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That sounds like a startup problem then. Post the ini file, one thing would also be to enable startup error logging and check if there are any startup errors.
I will check to see if error logging is enabled in the php.ini file (this file is relatively new to me), and whatever the case, I'll look into these logs.The php.ini file is: http://rapidshare.com/files/280491999/php.ini.html I appreciate all of this help!
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I just checked in the php.ini file, and I see various logging settings turned off. Mainly these 2: ; Log errors to specified file.;error_log = filename; Log errors to syslog (Event Log on NT, not valid in Windows 95).;error_log = syslogIf these are the error logging settings you were talking about, I'll uncomment them immediately.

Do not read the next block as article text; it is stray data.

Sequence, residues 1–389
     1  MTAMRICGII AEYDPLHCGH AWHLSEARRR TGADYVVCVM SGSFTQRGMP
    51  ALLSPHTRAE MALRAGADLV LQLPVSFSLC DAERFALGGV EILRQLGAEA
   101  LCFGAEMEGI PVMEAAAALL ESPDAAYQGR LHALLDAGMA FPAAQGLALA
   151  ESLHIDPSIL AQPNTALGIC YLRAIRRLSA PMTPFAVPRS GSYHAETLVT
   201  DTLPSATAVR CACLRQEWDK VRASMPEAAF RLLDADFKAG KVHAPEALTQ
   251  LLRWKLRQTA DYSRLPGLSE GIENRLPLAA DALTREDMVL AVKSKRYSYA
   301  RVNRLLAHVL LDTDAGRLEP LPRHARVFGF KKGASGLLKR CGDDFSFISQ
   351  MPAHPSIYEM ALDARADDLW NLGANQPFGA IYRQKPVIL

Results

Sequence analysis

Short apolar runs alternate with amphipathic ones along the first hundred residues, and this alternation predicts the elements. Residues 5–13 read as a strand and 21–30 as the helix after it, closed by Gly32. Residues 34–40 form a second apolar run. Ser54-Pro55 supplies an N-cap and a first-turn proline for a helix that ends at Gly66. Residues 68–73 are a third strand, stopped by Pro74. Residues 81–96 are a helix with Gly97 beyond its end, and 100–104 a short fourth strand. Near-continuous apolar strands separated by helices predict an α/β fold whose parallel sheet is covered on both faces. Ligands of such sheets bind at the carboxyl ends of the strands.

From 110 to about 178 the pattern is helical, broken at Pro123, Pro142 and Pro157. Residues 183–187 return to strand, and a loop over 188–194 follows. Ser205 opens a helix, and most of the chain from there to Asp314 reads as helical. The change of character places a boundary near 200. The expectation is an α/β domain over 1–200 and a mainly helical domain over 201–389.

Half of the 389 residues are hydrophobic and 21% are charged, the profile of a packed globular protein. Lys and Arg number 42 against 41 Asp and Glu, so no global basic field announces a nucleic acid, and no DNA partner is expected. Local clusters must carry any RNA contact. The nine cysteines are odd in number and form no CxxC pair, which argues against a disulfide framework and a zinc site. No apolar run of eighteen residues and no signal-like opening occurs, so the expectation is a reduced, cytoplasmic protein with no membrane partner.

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Use the filename version, give an absolute filename for the error log. There will also be a setting about startup errors, make sure startup errors are being reported. It should log all error messages to the error log. Also make sure error reporting is set to E_ALL.

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Use the filename version, give an absolute filename for the error log. There will also be a setting about startup errors, make sure startup errors are being reported. It should log all error messages to the error log. Also make sure error reporting is set to E_ALL.